I deployed my site (Remix app) to 13 regions and I have 11 instances (fly scale count 11)
I expect it to deploy 1 app per region. However, here is the result where
x is the instance
cdg x x
ewr x x
lhr x x
nrt x x
sin x x
Some regions have no instances while some have 2 instances.
I was wondering why so? I can see traffic coming from IAD but why it decides not to put an instance there but in YYZ instead?
I have traffics from AMS but no instance there even though I add it to the region list
How does the region pool work? Could you help me clarify it?
Can (and how) I decide which region I should deploy my app to? I add the region to the pool list but it seems not to “respect” it.
What difference between Edge and Instance? Does Edge mean that I have traffic that comes from that region?
Though it would be a nice feature (and we hope to eventually support some kind of auto-scaling like this for Machines), the app scheduler doesn’t currently place instances based on an analysis of incoming traffic load. It simply places instances in any of your selected regions where there is sufficient capacity.
You can manually control instance placement by using the
--max-per-region 1 argument to
flyctl scale count to force your app to deploy only 1 instance per region.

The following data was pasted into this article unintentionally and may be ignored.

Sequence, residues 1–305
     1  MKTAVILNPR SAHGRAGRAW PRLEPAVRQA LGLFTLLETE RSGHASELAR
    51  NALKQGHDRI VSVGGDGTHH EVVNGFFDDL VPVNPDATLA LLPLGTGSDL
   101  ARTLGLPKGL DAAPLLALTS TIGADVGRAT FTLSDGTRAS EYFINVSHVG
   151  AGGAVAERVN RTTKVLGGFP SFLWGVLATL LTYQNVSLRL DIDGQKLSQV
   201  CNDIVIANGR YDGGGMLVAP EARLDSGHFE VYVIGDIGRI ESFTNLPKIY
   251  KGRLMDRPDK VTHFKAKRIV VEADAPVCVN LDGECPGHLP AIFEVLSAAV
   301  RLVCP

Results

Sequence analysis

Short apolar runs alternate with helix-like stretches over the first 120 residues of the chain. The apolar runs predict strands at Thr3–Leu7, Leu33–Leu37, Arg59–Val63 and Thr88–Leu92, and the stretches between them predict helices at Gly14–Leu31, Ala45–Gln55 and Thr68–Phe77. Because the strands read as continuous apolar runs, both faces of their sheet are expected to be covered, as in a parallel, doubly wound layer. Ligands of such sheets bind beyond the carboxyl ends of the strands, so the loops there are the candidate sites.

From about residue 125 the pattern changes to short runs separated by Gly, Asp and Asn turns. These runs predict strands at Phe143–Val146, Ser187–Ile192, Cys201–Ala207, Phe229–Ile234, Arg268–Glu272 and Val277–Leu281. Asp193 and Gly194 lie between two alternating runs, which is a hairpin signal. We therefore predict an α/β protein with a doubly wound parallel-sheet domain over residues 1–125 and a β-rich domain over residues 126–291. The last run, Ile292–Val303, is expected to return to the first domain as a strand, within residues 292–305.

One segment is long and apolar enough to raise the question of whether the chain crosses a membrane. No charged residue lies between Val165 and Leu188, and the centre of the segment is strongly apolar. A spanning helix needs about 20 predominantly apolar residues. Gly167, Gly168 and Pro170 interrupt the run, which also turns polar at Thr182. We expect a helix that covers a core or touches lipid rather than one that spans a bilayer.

Yes, Edge means you have incoming traffic from that region (it’s the region where our proxy first accepts the connection before routing the traffic to your nearest app instance).
Could you elaborate a bit on this?
So the behavior now is that I select the region pool and how many instances, and Fly just puts those instances randomly on regions? It could be 2 instances on one region while no instance in others. Or any logic behind how we place the instances?
Fly.io currently uses HashiCorp Nomad as its ‘application scheduler’, the part of the system responsible for deciding where to place instances based on allocating server resources (such as cpu/memory). In this system, under the hood we create a job specification based on your Fly app config. This specification includes a couple hard ‘constraints’, including your app’s selected regions and any ‘max per region’ setting if set. The Nomad scheduler will then place VMs on servers matching those constraints using a bin-packing algorithm, so the exact servers your VMs end up on will appear more or less ‘random’ to the application developer (because it depends on resources available on servers in selected regions at any given time).
If you need more low-level control over exact placement of instances, you can try using Machines which is a low-level VM provisioning API to launch individual instances in specific regions. We’re building the next iteration of our application scheduler on top of Machines, and it should be easier for us support more advanced configuration and scaling features once that work is ready.